Amnesty International details “10 Killer facts: the global weapons trade” here>>


An independent Australian policy approach to peace & defence

The US – Australian Alliance forms the basis of Australia’s defence and foreign policies, reflecting an assumption that support for the US as a major power will make Australia safer and stronger.
More info>>
However, some see it as a “dangerous alliance”
A book of that title authored by former Liberal Party Prime Minster of Australia, Malcolm Fraser, gave rise to an expert panel discussion on the question: “Is the US a dangerous ally for Australia?>>   and more info here>>

US Bases in Australia

In support of the alliance, Australia hosts a range of US controlled facilities.

Questions arise out of this alliance
Do we need foreign bases in Australia? How does it effect our national security? Do we want to support wars that are essentially on behalf of the U.S. “military-industrial-congressional complex” read more at the Australian Anti-Bases Campaign Coalition>>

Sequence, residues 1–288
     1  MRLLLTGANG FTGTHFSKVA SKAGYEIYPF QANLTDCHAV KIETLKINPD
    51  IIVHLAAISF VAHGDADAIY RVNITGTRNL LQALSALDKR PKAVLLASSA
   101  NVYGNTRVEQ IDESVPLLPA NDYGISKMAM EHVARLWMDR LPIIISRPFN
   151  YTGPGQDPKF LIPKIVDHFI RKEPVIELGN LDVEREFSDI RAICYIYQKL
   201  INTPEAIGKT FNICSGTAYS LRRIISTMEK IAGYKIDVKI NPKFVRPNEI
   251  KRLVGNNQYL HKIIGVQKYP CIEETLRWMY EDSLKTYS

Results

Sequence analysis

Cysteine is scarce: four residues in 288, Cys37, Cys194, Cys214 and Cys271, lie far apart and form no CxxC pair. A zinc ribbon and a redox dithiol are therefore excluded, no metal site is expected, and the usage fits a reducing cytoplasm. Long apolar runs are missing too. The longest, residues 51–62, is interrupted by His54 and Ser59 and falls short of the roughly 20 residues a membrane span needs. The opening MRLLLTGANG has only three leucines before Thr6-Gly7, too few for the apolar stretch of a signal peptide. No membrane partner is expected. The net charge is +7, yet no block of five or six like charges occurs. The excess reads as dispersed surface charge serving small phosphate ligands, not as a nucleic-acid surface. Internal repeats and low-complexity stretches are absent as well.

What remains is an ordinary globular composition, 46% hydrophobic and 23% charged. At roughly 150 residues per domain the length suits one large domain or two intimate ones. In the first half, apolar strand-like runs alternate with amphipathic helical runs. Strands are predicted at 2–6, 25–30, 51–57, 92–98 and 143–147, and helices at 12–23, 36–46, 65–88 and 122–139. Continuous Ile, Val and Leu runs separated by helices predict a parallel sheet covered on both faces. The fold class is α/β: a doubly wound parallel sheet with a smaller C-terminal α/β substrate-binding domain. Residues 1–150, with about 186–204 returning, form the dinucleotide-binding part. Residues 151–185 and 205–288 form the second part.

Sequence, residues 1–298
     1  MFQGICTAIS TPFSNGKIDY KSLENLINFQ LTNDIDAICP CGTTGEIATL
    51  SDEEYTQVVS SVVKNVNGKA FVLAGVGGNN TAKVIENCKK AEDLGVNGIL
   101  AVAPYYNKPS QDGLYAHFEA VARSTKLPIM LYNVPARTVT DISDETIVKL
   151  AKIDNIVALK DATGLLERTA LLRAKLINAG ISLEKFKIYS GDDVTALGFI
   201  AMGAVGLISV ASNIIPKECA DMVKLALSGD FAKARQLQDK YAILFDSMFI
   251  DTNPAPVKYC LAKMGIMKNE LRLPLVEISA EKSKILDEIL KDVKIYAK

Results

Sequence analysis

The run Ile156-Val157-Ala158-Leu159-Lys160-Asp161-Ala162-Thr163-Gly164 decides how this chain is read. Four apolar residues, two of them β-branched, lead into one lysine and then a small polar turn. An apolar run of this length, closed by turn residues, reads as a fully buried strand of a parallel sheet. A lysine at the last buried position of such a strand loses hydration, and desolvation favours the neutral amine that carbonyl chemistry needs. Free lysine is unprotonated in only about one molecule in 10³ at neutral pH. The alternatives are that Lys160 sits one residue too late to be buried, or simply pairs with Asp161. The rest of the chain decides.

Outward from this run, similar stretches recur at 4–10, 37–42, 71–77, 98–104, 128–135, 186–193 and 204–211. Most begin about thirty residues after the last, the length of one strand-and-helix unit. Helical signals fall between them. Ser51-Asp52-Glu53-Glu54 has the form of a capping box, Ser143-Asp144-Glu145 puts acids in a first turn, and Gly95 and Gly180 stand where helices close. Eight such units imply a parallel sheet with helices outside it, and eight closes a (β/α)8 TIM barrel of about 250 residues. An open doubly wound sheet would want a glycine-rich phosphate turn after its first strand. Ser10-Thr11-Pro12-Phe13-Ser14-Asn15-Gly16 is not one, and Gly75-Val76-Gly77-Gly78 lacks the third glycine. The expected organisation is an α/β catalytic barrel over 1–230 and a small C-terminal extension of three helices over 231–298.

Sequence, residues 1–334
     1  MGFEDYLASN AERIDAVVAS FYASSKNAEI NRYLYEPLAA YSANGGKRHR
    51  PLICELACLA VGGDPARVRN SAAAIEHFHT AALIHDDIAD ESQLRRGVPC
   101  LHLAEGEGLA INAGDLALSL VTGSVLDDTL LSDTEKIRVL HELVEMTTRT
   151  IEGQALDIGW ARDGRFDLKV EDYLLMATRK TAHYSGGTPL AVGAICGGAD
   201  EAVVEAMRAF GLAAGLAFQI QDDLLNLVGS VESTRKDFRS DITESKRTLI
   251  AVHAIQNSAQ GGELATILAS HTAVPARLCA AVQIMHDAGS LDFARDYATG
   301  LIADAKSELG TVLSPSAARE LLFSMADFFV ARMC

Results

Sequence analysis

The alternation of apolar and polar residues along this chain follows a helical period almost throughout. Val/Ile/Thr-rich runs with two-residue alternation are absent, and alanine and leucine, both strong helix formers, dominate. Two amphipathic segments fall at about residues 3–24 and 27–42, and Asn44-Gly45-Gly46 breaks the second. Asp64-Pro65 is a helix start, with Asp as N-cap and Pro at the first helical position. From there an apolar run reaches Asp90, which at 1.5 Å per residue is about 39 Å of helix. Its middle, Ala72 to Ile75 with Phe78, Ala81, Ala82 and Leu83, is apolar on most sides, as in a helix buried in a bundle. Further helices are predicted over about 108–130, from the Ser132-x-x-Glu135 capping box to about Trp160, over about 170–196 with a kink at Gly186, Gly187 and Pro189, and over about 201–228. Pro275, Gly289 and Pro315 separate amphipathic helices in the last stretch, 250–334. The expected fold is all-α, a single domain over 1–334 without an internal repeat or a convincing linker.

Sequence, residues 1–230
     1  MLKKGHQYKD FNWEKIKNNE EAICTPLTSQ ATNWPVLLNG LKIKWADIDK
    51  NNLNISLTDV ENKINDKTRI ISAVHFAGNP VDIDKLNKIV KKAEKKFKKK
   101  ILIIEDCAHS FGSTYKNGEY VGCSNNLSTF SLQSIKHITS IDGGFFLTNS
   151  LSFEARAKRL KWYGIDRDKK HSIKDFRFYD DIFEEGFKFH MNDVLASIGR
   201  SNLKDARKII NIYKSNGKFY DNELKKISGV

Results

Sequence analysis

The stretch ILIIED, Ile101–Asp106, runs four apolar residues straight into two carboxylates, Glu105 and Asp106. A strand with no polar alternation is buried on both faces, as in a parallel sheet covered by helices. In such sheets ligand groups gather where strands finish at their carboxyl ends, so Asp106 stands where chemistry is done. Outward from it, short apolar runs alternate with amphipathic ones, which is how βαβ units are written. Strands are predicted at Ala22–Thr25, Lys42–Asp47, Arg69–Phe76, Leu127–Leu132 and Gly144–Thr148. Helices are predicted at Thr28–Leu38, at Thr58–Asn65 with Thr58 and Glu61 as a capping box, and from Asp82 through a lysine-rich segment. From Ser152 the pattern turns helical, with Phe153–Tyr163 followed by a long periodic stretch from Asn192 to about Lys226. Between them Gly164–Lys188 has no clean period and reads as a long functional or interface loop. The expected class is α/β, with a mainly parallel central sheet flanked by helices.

Movements to Ban the Bases – more info here>>

To see them listed, click on the map.

Response of traditional indigenous people
The Arrernte people, invoking their ancient responsibility as guardians of their land, invite you to share this responsibility with them>>

Movements for an independent and peaceful approach to Australian Defence


Another push for independence is reflected in IPAN’s petition calling for “US Marines out of Darwin” see more here>>


The Arms Trade is a major component of the world economy, relying on the global maintenance and fuelling of conflict and war, yet this trade remains little regulated. Amnesty International Australia is campaigning for an “Arms Trade Treaty” to regulate the flow of arms>>

Role of the ADF in a peaceful, independent policy
Peacekeeping and reconstruction
ADF Officers (3 army and 1 RAAF), were among the world’s first military peacekeepers deployed on UNCI on 14 Sep 1947 to support the peace process between the Dutch and Indonesian nationalists. More here>>  Since then Australia has been involved in nearly 100 separate peacekeeping missions>>